Nancy began smoking at the age of 13 and died of lung cancer 30 years later. Her family, at her bedside to the last, tried to persuade her to quit but she just couldn't. "Until I draw my last breath," thundered Al Gore, "I will pour my heart and soul into the cause of protecting our children from the dangers of smoking."
Among the delegates the consensus was clear. Mr Gore's heart-wrenching homily had shattered the conventional view that he was dull and lifeless, unable to reach out and feel others' pain. He had established his credentials as the "good father" figure Americans tell pollsters they like their commander- in-chief to cut.
To a few of us in Chicago there were, however, a couple of ironies. First, the Chicago convention was generously sponsored by Philip Morris, the tobacco conglomerate. Challenged by reporters to explain the apparent contradiction, Mr Gore replied, with a wave of the hand: "I think that ought to be reviewed."
The second irony was the apparently gross hypocrisy of a statement he had made to tobacco farmers in North Carolina in 1988, four years after his sister's death, while seeking the Democratic presidential nomination. "Throughout most of my life, I raised tobacco," he boasted. "I've hoed it. I've chopped it. I've shredded it, spiked it, put it in the barn and sold it."
So we asked: what was that all about, Mr Vice President? "It takes time to fully absorb the most important lessons in life," he soothed. "Sometimes a new awareness, a new way of thinking, begins slowly and you grow into it."
AN AWARENESS is now beginning that Mr Gore is not the nice guy the voters thought he was. He has portrayed himself successfully as Mr Clean, untainted by the dubious land deals, "bimbo eruptions" and election campaign money- grubbing of his boss. Tall and handsome in a Clark Kentish sort of way, he is blessed with an attractive wife, Tipper, free of the hard intelligence and ambitious single-mindedness that American men find so threatening in Hillary Clinton. No doubt about it: Mr Gore was a thoughtful, decent man whose only deviation from the centrist norm was a passion for the environment expressed most vividly by his concern for the survival of the spotted owl.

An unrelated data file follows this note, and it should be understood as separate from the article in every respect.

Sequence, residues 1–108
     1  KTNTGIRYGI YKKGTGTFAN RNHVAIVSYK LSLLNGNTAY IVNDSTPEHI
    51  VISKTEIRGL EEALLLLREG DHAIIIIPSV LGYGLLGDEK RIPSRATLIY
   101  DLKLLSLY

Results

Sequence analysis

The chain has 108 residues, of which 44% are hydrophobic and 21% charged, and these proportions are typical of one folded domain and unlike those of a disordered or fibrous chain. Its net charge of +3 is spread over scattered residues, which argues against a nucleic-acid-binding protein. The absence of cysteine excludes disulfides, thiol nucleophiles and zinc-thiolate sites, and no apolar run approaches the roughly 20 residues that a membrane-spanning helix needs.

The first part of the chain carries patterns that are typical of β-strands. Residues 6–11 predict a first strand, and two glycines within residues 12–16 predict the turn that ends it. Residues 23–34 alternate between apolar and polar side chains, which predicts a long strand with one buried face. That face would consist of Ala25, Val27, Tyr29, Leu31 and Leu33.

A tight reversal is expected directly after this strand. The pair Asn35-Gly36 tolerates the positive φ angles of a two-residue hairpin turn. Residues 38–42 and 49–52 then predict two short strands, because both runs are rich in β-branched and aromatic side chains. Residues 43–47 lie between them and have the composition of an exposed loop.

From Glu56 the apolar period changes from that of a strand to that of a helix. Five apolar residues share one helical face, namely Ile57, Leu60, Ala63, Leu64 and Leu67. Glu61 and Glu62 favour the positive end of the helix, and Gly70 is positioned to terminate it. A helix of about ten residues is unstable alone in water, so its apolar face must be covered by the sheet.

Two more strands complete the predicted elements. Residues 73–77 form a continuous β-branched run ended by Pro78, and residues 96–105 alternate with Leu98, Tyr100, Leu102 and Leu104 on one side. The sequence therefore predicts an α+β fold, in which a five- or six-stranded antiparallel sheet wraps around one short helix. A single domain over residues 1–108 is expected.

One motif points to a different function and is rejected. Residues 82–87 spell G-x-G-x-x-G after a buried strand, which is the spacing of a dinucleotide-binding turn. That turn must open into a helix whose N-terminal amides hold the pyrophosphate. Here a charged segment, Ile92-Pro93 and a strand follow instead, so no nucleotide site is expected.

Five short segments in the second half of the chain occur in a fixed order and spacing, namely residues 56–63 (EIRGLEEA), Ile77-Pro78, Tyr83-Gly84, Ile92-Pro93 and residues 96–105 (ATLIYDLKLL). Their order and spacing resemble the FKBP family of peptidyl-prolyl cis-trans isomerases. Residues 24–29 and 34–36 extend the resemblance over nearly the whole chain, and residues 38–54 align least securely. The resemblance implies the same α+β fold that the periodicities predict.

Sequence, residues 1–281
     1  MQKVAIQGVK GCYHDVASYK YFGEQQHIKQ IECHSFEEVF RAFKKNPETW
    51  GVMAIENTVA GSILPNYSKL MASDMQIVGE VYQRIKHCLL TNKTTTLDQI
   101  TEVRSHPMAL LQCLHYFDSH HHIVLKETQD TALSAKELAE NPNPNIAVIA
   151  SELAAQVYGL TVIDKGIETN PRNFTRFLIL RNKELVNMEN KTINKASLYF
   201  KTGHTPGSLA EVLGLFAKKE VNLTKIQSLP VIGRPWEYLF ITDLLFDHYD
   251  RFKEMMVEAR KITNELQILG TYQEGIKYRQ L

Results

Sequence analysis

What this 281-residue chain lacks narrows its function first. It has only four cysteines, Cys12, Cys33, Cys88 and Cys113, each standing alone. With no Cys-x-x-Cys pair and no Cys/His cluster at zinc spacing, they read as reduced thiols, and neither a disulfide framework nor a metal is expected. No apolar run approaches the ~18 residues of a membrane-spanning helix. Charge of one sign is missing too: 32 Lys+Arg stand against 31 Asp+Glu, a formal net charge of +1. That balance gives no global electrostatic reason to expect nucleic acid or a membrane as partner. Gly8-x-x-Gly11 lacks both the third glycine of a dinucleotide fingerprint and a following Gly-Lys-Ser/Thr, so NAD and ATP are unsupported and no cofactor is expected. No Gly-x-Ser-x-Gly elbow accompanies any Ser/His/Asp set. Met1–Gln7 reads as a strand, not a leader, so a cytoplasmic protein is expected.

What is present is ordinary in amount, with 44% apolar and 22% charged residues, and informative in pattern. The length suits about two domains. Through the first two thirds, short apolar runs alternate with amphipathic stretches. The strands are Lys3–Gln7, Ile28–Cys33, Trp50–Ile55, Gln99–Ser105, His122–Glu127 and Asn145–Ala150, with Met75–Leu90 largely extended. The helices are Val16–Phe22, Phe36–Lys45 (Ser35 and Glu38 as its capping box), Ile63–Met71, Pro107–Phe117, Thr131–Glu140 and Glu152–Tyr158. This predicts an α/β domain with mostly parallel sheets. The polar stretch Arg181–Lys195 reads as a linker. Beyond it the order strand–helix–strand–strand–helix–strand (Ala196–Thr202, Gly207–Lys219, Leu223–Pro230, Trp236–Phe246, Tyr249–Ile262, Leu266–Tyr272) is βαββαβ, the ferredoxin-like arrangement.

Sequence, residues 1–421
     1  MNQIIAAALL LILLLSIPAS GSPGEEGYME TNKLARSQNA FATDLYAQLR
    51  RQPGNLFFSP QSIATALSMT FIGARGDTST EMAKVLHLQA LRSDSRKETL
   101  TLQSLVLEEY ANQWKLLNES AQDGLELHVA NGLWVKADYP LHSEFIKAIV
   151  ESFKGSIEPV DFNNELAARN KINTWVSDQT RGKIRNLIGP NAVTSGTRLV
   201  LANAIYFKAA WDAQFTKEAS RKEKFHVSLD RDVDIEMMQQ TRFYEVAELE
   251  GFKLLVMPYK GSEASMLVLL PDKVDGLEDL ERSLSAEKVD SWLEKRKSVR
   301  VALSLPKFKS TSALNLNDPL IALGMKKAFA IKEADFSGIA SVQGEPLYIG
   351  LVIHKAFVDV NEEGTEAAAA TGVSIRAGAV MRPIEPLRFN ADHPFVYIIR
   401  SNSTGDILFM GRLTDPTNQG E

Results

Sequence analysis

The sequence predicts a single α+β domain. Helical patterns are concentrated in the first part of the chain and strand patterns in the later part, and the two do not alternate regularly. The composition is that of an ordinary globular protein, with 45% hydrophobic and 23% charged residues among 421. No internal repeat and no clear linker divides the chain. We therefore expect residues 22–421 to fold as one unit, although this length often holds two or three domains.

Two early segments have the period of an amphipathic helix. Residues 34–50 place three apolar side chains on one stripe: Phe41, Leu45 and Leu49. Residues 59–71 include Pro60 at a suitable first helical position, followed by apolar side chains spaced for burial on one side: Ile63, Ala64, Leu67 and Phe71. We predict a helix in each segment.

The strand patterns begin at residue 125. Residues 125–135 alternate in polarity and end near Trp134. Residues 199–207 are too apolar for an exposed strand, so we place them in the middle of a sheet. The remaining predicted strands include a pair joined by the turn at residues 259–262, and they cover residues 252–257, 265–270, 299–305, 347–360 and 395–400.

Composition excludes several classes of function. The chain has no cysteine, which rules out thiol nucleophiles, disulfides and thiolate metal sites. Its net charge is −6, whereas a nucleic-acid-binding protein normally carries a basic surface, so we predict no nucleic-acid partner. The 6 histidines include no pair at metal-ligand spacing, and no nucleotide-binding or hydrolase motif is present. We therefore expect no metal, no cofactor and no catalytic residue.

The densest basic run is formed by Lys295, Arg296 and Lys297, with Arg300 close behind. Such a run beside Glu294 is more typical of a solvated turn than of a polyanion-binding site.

He seemed to have only one failing, and that was his robotic demeanour. But he had been learning to overcome nature's deficiencies by following the self-deprecating example of the master illusionist Ronald Reagan. President Reagan told jokes about his age; Mr Gore tells jokes about his reputation for dullness. Here's one of his favourite ice-breakers from last year's election campaign: "How can you tell Al Gore from his Secret Service agents? Gore's the stiff one."
Until this month, the stiffs also included those Democrats who secretly entertained notions of defeating Gore in the party's presidential primaries three years from now. The man who changed all that was Bob Woodward, the celebrated Washington Post reporter who broke the Watergate scandal. After four months of investigation and more than 100 interviews, Woodward discovered that Mr Gore was playing the role of Mr Clinton's bully boy in the contest that goes on in the shadow of every American election: which candidate can raise the most money to spend on TV commercials, polls, focus groups, top-notch strategists? The president refused to stoop to directly requesting campaign contributions, but Gore proved a zealous understudy.
The Vice President worked the phones like a man possessed, touching wealthy donors for large amounts of money. He worked from Democratic Party headquarters and the White House. That is controversial, for it is illegal to seek party political funds inside federal government buildings. Democratic Party officials described him as the administration's "solicitor in chief". Donors whom he pumped for cash variously described the experience as "awkward", "revolting" and "a shakedown".
Too embarrassed and overawed to say no to the Vice President, they experienced the added anxiety of suspecting that a refusal might have a detrimental effect on businesses relying on the co-operation of the federal government.
Sometimes Mr Gore tried a subtle approach. He might, for example, phone a donor to thank him for a contribution, while leaving hanging in the air the possibility that he might wish to contribute more. In 1995 DSC, a Texas-based telecommunications company, was engaged in a three-way bidding battle against foreign competitors for a $36m (pounds 23m) contract to supply Mexico's national telephone company. One of Mr Gore's assistant fundraisers persuaded the federal government to apply pressure in Mexico to give the contract to DSC. The quid pro quo was a "thank you" gesture from DSC of $125,000 to the Democratic Party. Gore then called the chairman of DSC to express his thanks on behalf of the party.